Wednesday, November 10, 2010

Bulldoze Cannons Creek say Porirua Police

“It’s lovely up here eh. All these neat rows of homes under those rolling green hills,” I said to my arresting officer as we drove up Warspite Avenue, Cannons Creek.

“It’d be nice if they bulldozed all the houses. No one wants to live here,” replied the women police sergeant as she turned her head to check out a couple of hoodied young men next to a takeaways.

I was shocked by what she said and then the radio crackled to life and the sergeant rapidly relayed to another unit the basic information about the known troublemaker she had seen hanging out outside the shops. The kid she’d been discussing soon ended up in the cells with us.

This is war- Porirua style. Within minutes of 3News airing a piece on our state housing occupation, four cop cars were outside and a dog handler was first on scene asking me where the burglary was.

There was no burglary just four young men getting arrested for protesting for better housing in a city where a quarter of children grow up in overcrowded homes while dozens of state houses lie empty. Where rheumatic fever rates are the highest in the developed world while vacant Housing Corp blocks that were meant to be built on years ago are still pushing up daisies.

We’d just squatted a house to highlight the plight of Carolyn, who lives with her partner in her daughters garage. The garage is cold, leaks and is unventilated. Carolyn has asthma that the gas heater and damp conditions exacerbates. Carolyn works hard cleaning homes for ACC claimants. Her partner works for a local light manufacturing company. He has been hard done by in a couple of jobs, took one trucking company all the way to the Employment Court for paying him below minimum wage. Carolyn’s daughter has been sacked under the 90 day no rights law. They are a typical working class family living in Porirua. Poor in wealth but rich in spirit. They are involved in the community, volunteer their time, active in local unions and kura kaupapa.

But we shouldn’t have to be here doing this. Twenty something year olds having to squat an abandoned house to draw attention to families down the road living in garages. Everyone needs a home and property developers who can make mills out of making another McMansion will never provide humane, accommodation at affordable prices for the working poor. How long will the state let people sleep rough, in cars or in garages? Too long. We need a political alternative. We need direct action. We need to unite and fight against a system that lets people rot and then hires an army of blue uniformed mercenaries who think that the country they occupy needs to be bulldozed.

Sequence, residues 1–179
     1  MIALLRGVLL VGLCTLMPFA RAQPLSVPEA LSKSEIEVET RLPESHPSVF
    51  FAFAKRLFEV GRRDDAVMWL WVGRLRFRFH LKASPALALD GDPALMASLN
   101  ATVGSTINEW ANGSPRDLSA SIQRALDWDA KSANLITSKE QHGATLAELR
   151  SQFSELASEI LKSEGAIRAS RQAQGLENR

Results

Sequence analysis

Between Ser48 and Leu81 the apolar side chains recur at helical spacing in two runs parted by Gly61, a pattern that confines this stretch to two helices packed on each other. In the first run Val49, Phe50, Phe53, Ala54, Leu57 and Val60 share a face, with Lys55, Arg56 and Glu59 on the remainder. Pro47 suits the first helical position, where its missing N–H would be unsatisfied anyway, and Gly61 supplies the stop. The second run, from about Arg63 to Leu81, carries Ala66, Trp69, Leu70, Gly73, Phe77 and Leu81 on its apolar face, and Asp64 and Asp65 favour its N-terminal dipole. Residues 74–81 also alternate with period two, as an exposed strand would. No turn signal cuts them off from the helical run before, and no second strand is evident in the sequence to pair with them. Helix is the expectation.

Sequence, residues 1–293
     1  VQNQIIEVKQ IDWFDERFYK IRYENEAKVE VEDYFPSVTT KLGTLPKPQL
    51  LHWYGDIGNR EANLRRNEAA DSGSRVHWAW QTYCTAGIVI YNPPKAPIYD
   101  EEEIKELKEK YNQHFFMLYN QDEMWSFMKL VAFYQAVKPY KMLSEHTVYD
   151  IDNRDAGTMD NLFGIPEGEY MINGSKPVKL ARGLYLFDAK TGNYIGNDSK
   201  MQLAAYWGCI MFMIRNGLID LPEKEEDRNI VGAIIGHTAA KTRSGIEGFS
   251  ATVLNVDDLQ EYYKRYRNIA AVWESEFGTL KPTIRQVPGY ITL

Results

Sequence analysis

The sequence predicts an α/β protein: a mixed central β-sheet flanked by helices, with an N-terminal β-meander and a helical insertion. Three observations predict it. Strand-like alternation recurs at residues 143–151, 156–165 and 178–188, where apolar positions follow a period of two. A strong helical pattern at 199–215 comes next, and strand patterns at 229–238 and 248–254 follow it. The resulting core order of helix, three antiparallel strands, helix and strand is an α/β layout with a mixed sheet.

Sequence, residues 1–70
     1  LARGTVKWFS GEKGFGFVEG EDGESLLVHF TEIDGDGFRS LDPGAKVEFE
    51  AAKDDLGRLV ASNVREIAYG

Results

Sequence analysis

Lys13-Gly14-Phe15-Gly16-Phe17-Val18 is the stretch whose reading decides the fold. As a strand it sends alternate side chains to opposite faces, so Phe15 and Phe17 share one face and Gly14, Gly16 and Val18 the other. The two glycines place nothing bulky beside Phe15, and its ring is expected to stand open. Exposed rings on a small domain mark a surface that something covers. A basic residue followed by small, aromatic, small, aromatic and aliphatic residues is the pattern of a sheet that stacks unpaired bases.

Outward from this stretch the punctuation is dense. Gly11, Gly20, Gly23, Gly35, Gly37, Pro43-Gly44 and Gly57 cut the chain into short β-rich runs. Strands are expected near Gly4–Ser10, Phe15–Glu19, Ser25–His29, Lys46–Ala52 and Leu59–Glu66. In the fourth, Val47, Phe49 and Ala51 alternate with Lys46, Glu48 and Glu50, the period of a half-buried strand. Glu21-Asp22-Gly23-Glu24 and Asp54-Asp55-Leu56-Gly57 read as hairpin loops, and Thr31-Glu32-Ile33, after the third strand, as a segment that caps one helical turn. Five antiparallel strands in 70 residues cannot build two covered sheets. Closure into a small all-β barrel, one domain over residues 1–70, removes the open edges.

My arresting officer wants to tell me about how tough her job is, about attending suicides and the human misery she encounters. Yet she sees just one side of the creek. For two weeks we’ve been doorknocking through this area and we’ve met hundreds if not thousands of lovely people. Hardworking New Zealanders and loyal union militants raising their families as best they can but outraged at the hidden fees of sending children to public schools. Old Pacifica men reading newspapers in the early evening as their grandchildren are busy in the kitchen. Burmese refugees enrolling to vote on the doorstep of their modest homes, but determined to never again be denied their right to a political opinion. 18 year olds who work at the local mall and are doing their best to move ahead in life by studying part time. Proud families that decorate the entranceway to their house with their children’s school certificates. Local tradespeople who want to work but can’t find a job when the employers find out they are over 50. The bouncer who has just come off nightshift but has been thinking about the local by-election. The older Scottish couple from Mungavin who’ve made this beautiful suburb their home, so far from Glasgow.

In the late afternoons as we tread another mile under our shoes in this campaign, we see the younger kids running around the yard, the older kids wandering home after a hard days work at high school, the men and women who arrive home exhausted from a day delivering the post or fixing the roads. For all these people the Creek is home. To the cops these people and their homes are just trouble, a permanent crime scene that needs to be destroyed. As the cop said, “No one who lives here does so because they want to”. Safer communities together? Not a chance. The views of the cop are a window to the real lack of control the Cannons Creek community have over the police.

Six hours later we were released on some bogus charges that will get thrown out or dropped pretty quickly. Yet after tomorrow, when days become weeks and months become years, the war on the poor in Cannons Creek will continue. The houses will rot, the people will decompose and the cops will patrol the ruins of a country that people in the 19th century thought would become a socialist paradise. As we head deeper into the 21st century it is clear that for the majority of New Zealanders the future will be the nightmare capitalism of poverty wages, substandard accommodation and the grim barking of police dogs in the night.

-- Omar Hamed, Socialist Aotearoa

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